AUGUSTA, Maine — After years of debate, a proposal to arm Maine’s forest rangers on the job had a breakthrough moment Thursday with a 132-15 vote of support from the House of Representatives.
Providing forest rangers with service firearms has been the subject of debate at the State House for several years but has failed to make it into law. Gov. Paul LePage vetoed a bill to arm rangers in 2014 and the Legislature sustained his veto. LePage’s veto was based on funding and the fact that the 2014 bill did not call for rangers to be trained to handle weapons.
This year’s bill, sponsored by Rep. William Tuell, R-East Machias, addresses the training aspect by calling for the Maine Criminal Justice Academy to establish certification standards and a training program for forest rangers and for all rangers to be trained by July 1, 2018.
However, funding could prove to be the bill’s undoing.
The bill’s fiscal note calls for more than $150,000 in state spending during the next four years for the purchase of firearms, ammunition, holsters and lockboxes. The Department of Agriculture, Conservation and Forestry also has said that it will have to reclassify the positions of its approximately 50 rangers, at a cost of nearly $9,900 each for a potential cost of approximately $500,000. There could also be costs associated with developing an ongoing training program for rangers.
In 2016, a bill to arm rangers ended in a compromise that equipped them with ballistic vests, but not firearms.
Tuell and others argued in House debate on Thursday that forest rangers often find themselves in dangerous situations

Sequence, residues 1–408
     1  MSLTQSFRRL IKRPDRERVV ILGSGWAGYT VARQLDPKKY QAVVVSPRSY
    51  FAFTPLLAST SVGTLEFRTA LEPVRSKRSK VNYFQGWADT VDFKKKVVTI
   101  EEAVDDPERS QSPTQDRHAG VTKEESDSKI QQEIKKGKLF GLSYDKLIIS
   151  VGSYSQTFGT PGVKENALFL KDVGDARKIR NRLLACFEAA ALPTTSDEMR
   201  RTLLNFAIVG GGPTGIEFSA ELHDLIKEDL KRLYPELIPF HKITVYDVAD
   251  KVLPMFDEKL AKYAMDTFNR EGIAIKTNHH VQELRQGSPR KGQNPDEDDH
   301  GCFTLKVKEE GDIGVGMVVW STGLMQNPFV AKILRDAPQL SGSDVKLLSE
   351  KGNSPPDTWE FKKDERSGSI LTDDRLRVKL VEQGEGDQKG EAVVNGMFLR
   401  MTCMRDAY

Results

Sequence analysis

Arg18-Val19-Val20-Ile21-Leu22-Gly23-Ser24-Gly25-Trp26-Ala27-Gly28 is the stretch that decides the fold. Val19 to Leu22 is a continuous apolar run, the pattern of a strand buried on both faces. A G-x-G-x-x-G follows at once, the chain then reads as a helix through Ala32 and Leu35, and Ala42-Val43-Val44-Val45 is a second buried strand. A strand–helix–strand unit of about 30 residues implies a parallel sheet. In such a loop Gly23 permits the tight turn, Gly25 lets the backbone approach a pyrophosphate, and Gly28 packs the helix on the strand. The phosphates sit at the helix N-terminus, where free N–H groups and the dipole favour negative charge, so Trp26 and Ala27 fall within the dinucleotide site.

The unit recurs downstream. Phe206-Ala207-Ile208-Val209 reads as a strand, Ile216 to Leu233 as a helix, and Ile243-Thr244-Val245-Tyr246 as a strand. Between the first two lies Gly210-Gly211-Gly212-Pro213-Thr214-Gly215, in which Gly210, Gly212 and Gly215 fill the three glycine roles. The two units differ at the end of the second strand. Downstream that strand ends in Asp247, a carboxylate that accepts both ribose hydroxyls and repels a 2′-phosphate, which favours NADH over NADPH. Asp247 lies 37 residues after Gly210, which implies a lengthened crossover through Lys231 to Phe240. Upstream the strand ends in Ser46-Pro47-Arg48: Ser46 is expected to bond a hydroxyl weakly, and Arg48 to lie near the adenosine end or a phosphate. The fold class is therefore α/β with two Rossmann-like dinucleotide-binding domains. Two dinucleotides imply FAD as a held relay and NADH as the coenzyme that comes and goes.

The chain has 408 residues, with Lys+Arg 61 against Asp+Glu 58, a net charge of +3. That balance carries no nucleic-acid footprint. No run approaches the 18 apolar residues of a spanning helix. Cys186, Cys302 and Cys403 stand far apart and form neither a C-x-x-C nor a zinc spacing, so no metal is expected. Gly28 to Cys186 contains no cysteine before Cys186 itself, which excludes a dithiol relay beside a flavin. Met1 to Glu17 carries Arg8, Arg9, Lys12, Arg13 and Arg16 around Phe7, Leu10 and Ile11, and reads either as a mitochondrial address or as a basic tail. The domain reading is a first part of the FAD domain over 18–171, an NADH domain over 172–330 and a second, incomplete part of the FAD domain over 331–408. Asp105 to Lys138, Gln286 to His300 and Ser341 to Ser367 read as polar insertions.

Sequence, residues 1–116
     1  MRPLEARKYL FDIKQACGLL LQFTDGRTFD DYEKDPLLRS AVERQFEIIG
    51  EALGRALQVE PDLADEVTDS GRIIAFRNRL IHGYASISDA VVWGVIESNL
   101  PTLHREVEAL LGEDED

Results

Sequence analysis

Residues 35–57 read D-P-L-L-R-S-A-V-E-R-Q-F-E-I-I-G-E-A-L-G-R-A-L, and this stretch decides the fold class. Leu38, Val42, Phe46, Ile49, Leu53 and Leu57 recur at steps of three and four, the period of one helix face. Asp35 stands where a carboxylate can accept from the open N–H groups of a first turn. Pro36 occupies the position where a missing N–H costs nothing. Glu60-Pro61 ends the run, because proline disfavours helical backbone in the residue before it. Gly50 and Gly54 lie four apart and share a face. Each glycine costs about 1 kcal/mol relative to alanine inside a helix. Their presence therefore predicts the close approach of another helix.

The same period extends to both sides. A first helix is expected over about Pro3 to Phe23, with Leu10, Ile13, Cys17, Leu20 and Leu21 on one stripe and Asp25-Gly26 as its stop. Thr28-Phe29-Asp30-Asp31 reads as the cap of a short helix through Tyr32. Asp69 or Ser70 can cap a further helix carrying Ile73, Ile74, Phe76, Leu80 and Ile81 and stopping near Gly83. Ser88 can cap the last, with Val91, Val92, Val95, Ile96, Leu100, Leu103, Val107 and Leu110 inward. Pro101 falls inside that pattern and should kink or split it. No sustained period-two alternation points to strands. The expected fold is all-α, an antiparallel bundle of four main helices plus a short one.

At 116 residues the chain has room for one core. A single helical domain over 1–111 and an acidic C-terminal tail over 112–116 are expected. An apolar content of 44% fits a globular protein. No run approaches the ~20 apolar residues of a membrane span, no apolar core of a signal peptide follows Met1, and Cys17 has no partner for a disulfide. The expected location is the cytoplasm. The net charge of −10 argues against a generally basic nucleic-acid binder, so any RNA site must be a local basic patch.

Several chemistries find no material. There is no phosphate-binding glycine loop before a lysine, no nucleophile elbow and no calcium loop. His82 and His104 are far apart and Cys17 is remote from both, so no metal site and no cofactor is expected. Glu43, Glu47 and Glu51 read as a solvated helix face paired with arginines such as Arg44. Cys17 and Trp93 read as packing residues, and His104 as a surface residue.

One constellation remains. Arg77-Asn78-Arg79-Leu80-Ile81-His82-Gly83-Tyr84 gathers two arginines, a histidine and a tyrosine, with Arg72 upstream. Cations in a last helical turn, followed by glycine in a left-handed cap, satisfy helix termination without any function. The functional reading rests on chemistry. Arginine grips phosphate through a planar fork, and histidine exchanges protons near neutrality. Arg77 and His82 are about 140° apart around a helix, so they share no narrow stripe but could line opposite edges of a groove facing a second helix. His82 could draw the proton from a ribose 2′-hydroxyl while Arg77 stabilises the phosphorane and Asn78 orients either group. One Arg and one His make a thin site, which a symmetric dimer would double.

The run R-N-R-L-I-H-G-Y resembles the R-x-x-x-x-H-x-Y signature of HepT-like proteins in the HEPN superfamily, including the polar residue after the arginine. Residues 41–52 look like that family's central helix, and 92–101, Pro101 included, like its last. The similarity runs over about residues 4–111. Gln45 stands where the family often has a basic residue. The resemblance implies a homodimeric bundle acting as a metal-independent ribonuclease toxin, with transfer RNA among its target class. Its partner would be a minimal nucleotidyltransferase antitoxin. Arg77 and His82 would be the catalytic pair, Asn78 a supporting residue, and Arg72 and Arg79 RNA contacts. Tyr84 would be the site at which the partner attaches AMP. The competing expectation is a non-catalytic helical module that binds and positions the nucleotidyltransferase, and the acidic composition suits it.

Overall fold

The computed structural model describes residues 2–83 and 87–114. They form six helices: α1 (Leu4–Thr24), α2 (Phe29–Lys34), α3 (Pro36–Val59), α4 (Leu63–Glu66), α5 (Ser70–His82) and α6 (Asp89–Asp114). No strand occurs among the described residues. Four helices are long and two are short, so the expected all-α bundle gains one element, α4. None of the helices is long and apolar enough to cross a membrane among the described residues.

“I would hate to think that we legislators would sit back and wait for the first fatality,” said Tuell. “It will happen.”
Rep. Beth Turner, R-Burlington, said rangers should be armed because they are often first responders to crime scenes in rural Maine.
“We need these rangers for our protection, especially in rural Maine because they are usually the first ones on the scene of a crime,” Turner said.
Rep. Thomas Skolfield, R-Weld, said rangers should not be required to participate in violent altercations.
“If they find themselves in situations like this, they should have the training and expertise to extricate themselves from that situation,” said Skolfield, who said there is no record of a Maine forest ranger ever being in a life-threatening situation with a suspect.
Rep. Lois Reckitt, D-South Portland, said she rarely votes for any bill that supports increasing access to guns, but she voted for this one.
“I am standing up for these folks who in my mind are another segment of the law enforcement community in Maine,” she said.
The Maine Bureau of Forestry and the Maine Forest Products Council testified against the bill during the committee process in January, but that was before substantial amendments were made.
“This bill would pose significant liability risks both for the state and the forest rangers,” said Doug Denico, director of the Bureau of Forestry.
The bill now heads to the Senate for consideration.